This post is a part of YKA’s dedicated coverage of the novel coronavirus outbreak and aims to present factual, reliable information. Read more.
Today, we wrote to the Standing Committee for Information Technology which is actively considering the issue of ‘citizens data security and privacy’ on the lack of any clear legal basis or legislative framework for contact tracing apps such as Aarogya Setu. As per prior analysis, since such applications are without a legal basis or have any enforceable limitation, they are a “privacy minefield“.
Now, because they are being made mandatory, it is leading to second-order harms such as exclusion. Non-compliance from the installation of Aarogya Setu can also potentially lead to criminal prosecution. Due to this and more, it is incredibly important that the Standing Committee commence urgent hearings.
Yesterday we studied two significant developments, that have spurred the present intervention.
UK report: On May 6, a report on the contact tracing application in the United Kingdom was released by the House of Commons. This report clearly stated that “the government must not roll out the contact tracing app” and, “Government assurances about intended privacy protections for any data collected do not carry any weight unless the Government is prepared to enshrine these protections in legislation.” We have made a similar recommendation in our working paper.
Standing Committee may soon resume functioning: The appropriate body to commence a similar study and author a report is the Standing Committee for Information Technology. The Standing Committee for IT is a parliamentary committee that is actively looking at the issue of, “citizens data security and privacy“. While this body is not actively meeting at present due to the COVID pandemic, yesterday as per a press release, the Rajya Sabha Chairman and Lok Sabha Speaker have commenced a process to examine the feasibility of remote meetings (hat-tip Arun PS).
Spurred by this, and given our consistent engagement with parliamentary committees and legislators, we swung into action.
Lack Of Privacy, Legality, Transparency Due To Aarogya Setu
Today, we wrote to the Standing Committee for Information Technology on the specific issue of any clear legal basis or legislative framework for the several contact tracing apps, notably Aarogya Setu.
We pointed out that:
Impact on privacy: Many of these smartphone applications have a direct impact on individual privacy and have been documented at length in a working paper published by us earlier. This comprehensive working paper made in the style of a “Brandeis Brief”, surveys expert literature, contains India-specific analysis and while is still in a process of development to account for subsequent events, hopefully, may provide a credible basis for analysis to our legislators.
Lack of legislative framework: Specifically with respect to contract tracing, many smartphone applications have been launched by State and Central Governments without any underlying legal legislative framework. These apps suffer from issues of transparency (for e.g. source code is not open-sourced and there is a lack of clarity on contract conditions and service rules for the “volunteers” developing it) and further lack any feasibility reports. This is in direct violation of the fundamental right to privacy as analysed with respect to the flagship application, Aarogya Setu which is being developed by the National Informatics Center (NIC) (that is also avoiding transparency by being evasive to RTI queries).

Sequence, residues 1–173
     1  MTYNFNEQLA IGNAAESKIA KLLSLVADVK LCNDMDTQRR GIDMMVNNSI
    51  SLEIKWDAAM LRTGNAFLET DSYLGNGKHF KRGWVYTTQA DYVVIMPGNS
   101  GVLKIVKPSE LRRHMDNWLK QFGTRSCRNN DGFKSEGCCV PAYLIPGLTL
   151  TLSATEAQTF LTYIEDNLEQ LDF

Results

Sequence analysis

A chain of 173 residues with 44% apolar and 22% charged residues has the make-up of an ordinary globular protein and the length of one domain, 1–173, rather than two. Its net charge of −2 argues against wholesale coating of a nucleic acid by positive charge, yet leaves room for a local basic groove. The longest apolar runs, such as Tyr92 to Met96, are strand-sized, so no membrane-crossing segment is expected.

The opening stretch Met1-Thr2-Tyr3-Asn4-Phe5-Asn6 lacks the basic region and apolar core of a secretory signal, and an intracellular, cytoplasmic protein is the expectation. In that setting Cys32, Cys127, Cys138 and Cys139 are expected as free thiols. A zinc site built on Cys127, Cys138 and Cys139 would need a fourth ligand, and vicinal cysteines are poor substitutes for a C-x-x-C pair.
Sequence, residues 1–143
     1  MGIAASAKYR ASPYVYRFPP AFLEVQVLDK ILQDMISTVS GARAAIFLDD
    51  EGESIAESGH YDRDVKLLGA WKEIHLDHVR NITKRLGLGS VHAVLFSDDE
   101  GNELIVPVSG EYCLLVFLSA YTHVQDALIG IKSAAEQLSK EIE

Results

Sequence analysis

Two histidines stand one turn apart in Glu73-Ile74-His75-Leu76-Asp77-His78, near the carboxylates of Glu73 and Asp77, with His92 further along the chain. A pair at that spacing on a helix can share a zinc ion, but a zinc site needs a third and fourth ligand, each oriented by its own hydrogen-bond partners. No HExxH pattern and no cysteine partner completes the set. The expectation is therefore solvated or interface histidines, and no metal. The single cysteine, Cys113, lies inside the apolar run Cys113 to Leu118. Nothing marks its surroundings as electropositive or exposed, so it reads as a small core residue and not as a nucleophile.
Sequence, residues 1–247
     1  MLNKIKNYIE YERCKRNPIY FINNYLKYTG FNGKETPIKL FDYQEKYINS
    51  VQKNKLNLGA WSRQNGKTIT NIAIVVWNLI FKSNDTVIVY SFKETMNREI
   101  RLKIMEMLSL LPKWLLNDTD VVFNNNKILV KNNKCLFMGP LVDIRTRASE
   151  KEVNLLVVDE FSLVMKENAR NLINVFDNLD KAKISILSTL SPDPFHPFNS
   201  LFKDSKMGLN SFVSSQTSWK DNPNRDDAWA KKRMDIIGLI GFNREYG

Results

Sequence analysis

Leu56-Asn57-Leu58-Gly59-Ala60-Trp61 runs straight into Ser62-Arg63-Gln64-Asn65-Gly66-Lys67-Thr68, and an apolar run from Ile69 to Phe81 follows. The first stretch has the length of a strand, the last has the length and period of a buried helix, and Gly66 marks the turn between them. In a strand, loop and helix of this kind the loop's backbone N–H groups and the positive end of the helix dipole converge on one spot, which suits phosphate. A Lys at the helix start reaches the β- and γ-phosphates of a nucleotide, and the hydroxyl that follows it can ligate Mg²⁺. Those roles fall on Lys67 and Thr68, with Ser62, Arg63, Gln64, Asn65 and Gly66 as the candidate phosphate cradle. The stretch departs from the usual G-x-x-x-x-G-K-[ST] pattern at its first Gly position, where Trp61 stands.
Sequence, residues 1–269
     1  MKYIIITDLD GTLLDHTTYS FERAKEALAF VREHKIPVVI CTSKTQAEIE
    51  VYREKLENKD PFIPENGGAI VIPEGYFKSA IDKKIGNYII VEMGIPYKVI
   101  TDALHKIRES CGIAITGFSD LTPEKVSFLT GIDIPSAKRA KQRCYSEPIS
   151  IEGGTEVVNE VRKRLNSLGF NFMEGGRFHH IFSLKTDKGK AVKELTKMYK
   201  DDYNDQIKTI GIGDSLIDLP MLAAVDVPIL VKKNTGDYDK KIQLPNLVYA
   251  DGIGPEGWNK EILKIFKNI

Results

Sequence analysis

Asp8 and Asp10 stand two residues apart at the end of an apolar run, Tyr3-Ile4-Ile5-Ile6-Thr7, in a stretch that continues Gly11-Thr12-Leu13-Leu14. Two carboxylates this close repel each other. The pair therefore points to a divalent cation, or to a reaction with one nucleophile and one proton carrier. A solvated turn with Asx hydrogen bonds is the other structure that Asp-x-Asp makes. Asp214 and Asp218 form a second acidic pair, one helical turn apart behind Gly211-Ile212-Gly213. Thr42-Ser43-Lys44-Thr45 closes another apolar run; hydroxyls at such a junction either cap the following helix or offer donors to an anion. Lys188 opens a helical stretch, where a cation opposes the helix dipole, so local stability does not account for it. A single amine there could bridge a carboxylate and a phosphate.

Mass surveillance and exclusion: Further, the installation of such contact tracing applications which cause mass surveillance is now being made mandatory under threat of criminal penalties.
Due to this, more than 45 organisations, including trade unions and more than 100 prominent individuals have endorsed a joint representation to the Ministry for Home Affairs.
Our Request For Action
In our letter, we have requested for urgent hearings to be conducted. These should especially involve medical health professionals, academics from IITs and digital rights and public policy experts. Such hearings may focus not only on the privacy impacts but also the feasibility and exclusion caused by such contact tracing apps which are by their very nature mass surveillance measures.
We also stated that there is an urgent need for the Committee to be engaged with the Government in order to obtain clarity and public disclosure on this deep violation of human rights. We have asked that significant Government officials—especially from the National Informatics Center (NIC) and other relevant government agencies and law enforcement—be invited to depose before the Committee in order to obtain transparency through official disclosure of the source code, product architecture and all official files, including the service contracts and rules executed with the developers who are being classified as, ‘volunteers’ in press reports.
Our final request is for the Committee on IT to consider the suitability of a legislative framework given the feasibility of Contact Tracing itself is under growing doubt even while mass surveillance and exclusion (to livelihood or use of public facilities) caused is certain. We hope an objective, evidence-based parliamentary report authored on the basis of expert inputs can help advance institutional engagement on the wide, pervasive and harmful impacts on our fundamental rights through smartphone applications such as Aarogya Setu that are increasingly being made mandatory under threat of criminal penalties.
Letter on issues of data privacy and security on contact tracing applications dated May 8, 2020 [link]
Joint representation by 45 organisations against the mandatory use of Aarogya Setu [link]
Our comparative analysis of the Aarogya Setu App [link]
Working paper on Privacy Impacts by Technology Interventions around Covid-19 in India [link]